In recent years, plaintiff class actions lawyers have shifted their focus in cybersecurity cases from pleading federal claims to asserting claims under state law of residents of all 50 states. However, this potentially raises class certification issues that make these claims difficult for plaintiff to succeed on. How should one prosecute them? How should one defend them? How could one plead and prove that the plaintiffs were injured because of the breach?
Under the right circumstances, the SAFETY Act has the potential to become a new gold standard for companies that qualify for its protection and want to establish themselves as leaders in cybersecurity, both with respect to internal risk mitigation and with a view toward ensuring robust protection of customer or client data.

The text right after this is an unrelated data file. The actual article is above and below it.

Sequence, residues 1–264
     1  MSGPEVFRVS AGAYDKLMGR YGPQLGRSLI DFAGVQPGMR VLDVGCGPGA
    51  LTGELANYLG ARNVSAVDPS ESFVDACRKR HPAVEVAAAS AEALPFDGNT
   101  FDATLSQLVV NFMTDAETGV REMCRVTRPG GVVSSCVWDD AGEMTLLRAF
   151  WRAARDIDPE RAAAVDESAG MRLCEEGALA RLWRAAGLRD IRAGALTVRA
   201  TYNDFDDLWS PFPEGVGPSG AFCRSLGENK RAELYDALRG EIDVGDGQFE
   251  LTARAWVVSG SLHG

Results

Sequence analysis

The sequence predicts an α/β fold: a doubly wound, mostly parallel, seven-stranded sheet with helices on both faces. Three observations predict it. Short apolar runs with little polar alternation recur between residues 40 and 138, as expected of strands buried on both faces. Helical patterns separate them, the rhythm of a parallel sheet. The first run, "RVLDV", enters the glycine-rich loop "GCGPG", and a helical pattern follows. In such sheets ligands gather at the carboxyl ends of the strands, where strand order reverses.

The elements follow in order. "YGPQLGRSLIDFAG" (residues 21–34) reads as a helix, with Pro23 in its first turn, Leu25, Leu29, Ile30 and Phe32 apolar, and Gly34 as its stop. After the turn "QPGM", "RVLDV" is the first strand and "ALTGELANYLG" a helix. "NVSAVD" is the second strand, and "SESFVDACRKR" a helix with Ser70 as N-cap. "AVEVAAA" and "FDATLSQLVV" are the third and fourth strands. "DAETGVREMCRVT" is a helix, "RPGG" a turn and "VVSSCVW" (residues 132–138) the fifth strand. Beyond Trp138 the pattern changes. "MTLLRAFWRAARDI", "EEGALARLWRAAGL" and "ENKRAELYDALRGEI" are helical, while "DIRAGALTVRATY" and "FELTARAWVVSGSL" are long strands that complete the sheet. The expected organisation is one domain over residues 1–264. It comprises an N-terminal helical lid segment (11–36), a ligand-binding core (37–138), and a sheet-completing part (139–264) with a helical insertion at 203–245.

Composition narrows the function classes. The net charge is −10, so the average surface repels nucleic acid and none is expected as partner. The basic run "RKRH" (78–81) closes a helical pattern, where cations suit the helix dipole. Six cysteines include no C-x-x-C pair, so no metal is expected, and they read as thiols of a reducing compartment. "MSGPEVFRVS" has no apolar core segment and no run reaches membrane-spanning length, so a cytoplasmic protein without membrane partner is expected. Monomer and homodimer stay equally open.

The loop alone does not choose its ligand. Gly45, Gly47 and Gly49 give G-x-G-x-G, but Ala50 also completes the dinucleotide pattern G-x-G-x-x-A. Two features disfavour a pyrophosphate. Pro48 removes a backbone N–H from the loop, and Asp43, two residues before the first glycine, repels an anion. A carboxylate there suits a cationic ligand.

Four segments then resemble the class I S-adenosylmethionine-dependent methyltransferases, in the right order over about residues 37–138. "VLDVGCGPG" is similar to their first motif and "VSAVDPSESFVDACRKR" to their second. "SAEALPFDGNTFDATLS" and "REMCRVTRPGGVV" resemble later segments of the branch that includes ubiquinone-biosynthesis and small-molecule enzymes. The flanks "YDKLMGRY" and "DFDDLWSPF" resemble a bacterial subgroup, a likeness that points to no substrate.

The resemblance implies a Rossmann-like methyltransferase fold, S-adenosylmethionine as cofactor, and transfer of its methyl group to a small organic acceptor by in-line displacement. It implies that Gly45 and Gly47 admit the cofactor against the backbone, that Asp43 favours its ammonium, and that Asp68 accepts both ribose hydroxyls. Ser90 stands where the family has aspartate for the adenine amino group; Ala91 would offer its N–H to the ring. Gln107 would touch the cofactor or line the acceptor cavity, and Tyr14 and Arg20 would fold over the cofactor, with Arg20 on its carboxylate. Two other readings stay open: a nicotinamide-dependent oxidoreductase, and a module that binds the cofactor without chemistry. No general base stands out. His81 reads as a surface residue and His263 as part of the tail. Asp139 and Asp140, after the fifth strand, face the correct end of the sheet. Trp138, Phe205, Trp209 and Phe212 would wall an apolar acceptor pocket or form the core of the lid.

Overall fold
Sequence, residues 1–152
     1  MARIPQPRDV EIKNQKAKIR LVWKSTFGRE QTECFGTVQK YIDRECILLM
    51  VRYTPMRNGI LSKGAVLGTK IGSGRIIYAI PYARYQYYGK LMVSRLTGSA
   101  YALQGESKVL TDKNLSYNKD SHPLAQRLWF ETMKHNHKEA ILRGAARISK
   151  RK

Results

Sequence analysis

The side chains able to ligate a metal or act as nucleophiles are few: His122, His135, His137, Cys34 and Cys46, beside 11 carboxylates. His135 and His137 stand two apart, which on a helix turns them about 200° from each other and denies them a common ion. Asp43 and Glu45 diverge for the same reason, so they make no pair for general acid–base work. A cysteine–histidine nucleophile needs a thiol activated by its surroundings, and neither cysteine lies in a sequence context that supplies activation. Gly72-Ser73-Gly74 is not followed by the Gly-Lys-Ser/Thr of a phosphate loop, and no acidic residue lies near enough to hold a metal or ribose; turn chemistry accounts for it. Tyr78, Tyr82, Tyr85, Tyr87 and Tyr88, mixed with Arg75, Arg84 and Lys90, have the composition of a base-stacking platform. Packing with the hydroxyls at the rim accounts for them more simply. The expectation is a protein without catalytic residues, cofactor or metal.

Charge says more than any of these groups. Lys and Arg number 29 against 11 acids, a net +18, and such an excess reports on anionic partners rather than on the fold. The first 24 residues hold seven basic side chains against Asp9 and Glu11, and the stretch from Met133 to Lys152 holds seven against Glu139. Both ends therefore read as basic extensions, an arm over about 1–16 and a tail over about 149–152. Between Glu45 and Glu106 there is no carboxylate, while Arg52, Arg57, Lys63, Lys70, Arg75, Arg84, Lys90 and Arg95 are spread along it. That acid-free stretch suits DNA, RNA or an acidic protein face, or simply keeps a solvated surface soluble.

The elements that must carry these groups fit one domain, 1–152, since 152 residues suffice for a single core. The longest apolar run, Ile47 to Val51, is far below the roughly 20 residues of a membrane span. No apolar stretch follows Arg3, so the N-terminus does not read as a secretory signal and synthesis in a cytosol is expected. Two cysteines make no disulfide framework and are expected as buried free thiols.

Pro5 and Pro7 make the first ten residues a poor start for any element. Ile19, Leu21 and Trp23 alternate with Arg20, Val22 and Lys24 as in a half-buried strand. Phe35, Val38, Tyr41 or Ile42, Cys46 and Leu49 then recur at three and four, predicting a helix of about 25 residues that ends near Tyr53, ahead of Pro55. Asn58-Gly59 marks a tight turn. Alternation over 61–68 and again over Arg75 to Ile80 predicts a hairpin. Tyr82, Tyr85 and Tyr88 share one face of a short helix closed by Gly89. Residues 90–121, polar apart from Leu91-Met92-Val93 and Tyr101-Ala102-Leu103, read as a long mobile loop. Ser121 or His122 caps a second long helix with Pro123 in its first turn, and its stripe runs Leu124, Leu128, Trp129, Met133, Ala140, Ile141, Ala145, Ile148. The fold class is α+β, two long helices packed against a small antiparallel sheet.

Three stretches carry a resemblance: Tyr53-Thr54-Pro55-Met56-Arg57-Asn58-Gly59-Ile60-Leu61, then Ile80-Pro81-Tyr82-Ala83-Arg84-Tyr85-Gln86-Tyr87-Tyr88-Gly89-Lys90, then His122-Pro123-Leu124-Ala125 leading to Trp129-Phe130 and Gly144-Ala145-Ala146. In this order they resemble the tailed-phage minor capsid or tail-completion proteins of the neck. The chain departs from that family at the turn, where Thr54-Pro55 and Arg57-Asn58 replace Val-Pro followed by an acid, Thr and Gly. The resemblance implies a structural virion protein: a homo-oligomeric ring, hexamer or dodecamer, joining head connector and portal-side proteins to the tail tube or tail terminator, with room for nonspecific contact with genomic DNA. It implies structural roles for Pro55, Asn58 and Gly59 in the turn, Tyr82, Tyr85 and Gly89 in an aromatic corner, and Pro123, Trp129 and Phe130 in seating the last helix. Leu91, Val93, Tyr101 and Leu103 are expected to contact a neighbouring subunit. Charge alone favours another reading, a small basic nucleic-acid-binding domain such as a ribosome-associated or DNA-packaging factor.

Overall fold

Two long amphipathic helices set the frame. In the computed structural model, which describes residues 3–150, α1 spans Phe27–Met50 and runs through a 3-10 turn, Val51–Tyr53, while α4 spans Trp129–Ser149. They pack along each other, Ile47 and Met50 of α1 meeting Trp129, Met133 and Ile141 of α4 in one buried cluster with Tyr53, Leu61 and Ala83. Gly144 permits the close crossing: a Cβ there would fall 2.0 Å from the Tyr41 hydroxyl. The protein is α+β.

The profound changes deriving from IT/OT convergence require us to take a fresh look at legal and regulatory norms that have stood for decades since the Industrial Era. We are in a radical new environment where exponential benefits and risks are now reality.
The draft Guidelines seek to clarify questions raised since the passage of the GDPR over the GDPR’s extra-territorial reach, and they confirm that the GDPR’s intended reach is well beyond the geographic confines of the European Union.
In this article, the authors explore three important aspects of in-house counsel’s duties related to cybersecurity incident preparation and response: (1) providing advice regarding the company’s legal and regulatory obligations, especially with respect to breach notification; (2) engaging and coordinating external resources, including outside counsel and consultants; and (3) coordinating and managing internal and external communications.